Liturgy of the Palms
- Psalm 118:1-2, 19-29
- Luke 19:28-40
- First reading
- Isaiah 50:4-9a
- Psalm 31:9-16
- Second reading
- Philippians 2:5-11
- Luke 22:14-23:56 or Luke 23:1-49
We get the whole Passion Week story in Sunday's readings. It's tempting to drift off, especially for those of us who will return to church on Maundy Thursday and Good Friday. But stay awake. Pay attention. Try to hear it again, as if for the first time.
Jesus continues to teach the same lesson as he has been teaching his whole life: it is better to serve. If we weren't familiar with the story, we might wonder at its strangeness. We make ourselves better by humbling ourselves? We might hear the echo of other Gospels: Jesus washing the feet of the disciples, Jesus riding through Jerusalem on a donkey. Jesus has sent out the disciples with nothing--and they want for nothing. There's a lesson here for our possession-crazed culture. Empty yourself, so you can find what's essential.
Here we see Jesus moving through varying ruling branches of his society: the church, the government, the masses of people. One day they're on your side, the next day they're not. Things haven't really changed all that much, have they?
Here, too, Jesus makes it clear what following him will mean for our earthly life. Jesus shows us our highest potential as humans, what we can strive for, what we can reasonably expect to accomplish in our own lives--and it won't necessarily be greatness in the way that earthly life defines greatness: who gets to sit at which position of power and authority. According to this way of thinking, we can't let ourselves off the hook by saying, "Oh, but Jesus was divine, so what was expected of him would be different than what would be expected of me."
No, Jesus came to show us how to live a life for which we yearn. And how do we do that? By serving others. By sacrifice, perhaps the ultimate sacrifice of our lives, but certainly of our time and our treasure.
Sacrifice. It's such a grim sounding word. And yet, think of the times when you've felt most at peace, most like you were fulfilling your destiny. Those were probably some times of sacrifice. We finish an academic degree, which requires much sacrifice of time and money, and we get an incredible amount of joy. We weather tough times in our personal relationships. Any long-term relationship demands some sacrifice of ourselves. We can't always put ourselves first and expect people to stick around for that. But with the sacrifice, if we're lucky, comes the reward of a richer relationship.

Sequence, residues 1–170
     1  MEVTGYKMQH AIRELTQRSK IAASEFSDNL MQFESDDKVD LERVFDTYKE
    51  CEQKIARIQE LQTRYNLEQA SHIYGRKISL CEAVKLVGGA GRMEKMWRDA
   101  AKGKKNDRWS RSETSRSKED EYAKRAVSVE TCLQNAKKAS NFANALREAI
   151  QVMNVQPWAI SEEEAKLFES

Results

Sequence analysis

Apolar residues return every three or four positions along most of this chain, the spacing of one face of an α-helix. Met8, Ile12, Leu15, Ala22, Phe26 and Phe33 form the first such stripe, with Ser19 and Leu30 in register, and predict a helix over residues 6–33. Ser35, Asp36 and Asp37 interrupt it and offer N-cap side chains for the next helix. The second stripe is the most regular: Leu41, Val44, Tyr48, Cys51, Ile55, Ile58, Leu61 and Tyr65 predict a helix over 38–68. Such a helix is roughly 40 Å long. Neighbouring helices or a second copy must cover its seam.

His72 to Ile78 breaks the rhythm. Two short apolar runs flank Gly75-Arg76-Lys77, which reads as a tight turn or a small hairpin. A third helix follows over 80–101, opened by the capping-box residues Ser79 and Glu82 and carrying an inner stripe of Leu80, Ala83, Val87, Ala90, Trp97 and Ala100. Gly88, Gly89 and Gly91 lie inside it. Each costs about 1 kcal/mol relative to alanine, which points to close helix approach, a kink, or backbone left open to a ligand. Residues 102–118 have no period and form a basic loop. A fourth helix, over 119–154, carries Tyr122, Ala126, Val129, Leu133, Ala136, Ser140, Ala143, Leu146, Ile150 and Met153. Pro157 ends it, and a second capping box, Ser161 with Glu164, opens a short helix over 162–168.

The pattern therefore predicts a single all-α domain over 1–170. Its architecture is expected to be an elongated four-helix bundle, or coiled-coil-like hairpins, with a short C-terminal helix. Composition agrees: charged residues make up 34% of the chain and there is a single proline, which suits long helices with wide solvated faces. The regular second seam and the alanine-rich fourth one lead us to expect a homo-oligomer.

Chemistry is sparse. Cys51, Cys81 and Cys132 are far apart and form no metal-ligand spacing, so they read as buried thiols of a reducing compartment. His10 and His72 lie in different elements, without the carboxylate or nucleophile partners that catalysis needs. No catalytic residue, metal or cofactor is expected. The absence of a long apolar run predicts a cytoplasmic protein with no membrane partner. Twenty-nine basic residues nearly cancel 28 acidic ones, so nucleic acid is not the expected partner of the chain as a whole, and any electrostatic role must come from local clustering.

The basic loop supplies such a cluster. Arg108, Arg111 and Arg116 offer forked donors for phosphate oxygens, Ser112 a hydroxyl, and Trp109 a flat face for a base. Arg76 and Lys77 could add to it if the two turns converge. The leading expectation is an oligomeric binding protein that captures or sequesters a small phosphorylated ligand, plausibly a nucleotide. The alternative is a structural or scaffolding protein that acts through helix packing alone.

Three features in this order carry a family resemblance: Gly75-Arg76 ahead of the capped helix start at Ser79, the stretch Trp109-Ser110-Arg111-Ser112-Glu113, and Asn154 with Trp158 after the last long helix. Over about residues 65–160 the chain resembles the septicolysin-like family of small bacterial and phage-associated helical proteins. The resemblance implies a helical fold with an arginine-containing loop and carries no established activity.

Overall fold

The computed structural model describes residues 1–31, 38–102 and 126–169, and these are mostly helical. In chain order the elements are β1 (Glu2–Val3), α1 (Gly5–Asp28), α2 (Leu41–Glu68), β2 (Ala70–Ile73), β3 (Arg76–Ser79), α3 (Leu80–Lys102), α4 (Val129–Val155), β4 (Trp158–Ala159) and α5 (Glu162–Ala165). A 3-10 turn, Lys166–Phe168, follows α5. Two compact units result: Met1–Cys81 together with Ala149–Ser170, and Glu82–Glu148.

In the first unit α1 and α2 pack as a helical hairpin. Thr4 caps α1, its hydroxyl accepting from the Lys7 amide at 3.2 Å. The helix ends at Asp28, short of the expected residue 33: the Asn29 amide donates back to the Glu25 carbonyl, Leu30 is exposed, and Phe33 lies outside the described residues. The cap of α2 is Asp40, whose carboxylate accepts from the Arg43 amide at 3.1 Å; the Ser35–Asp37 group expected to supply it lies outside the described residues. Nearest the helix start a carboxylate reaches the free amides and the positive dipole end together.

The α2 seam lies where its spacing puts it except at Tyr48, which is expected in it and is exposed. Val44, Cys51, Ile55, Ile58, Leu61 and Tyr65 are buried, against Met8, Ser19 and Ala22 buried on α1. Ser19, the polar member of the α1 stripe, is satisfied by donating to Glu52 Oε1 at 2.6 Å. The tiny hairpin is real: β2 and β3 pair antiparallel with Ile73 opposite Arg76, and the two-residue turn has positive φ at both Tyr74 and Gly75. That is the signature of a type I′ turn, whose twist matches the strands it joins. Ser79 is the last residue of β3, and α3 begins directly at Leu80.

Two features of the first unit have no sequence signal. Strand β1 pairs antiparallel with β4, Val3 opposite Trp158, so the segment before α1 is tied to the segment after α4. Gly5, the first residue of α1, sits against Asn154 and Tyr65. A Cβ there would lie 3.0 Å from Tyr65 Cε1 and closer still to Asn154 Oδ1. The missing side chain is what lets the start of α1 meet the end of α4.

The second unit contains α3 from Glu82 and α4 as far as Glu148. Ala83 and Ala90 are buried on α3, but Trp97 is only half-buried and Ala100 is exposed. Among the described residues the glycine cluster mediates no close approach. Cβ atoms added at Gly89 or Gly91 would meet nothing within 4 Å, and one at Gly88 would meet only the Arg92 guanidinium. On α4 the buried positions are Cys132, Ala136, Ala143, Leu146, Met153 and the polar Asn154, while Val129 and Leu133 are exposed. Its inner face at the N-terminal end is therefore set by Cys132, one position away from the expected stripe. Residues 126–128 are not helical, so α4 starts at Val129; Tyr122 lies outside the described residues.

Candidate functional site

I've met (or read the books of) people who have made even deeper sacrifices, people who have formed intentional communities to better serve the poor and outcast. Those communities have made a deep and lasting impression on me, so much so that I spend a great deal of time yearning to return, wondering if I, too, could make that commitment. Those communities seem filled with peace and purpose. One senses God's presence there, in a way that one doesn't ordinarily in regular life, like, say, when stuck in rush hour traffic. These people in intentional Christian communities seem to be living a life most like Christ's. And though they may lack for things that our Capitalist culture tells us we NEED to have, like the latest electronic gizmos or speedy Internet access or health insurance or meat on the table for every meal, they seem to have found a way to fill the yearnings that many of us feel in our souls.
When we feel these yearnings for something more, many of us turn to food or exercise of Internet wanderings or alcohol. What would happen if we turned towards God?
Soon Easter will be just a hazy dream, and we'll have to return to life in ordinary time. We'll have forgotten about the story of Christ's passion and returned to focus on our own passions. But Christ calls us out of ourselves, to focus on the suffering of others. Paradoxically, here is where we will find our deepest joy, by serving others.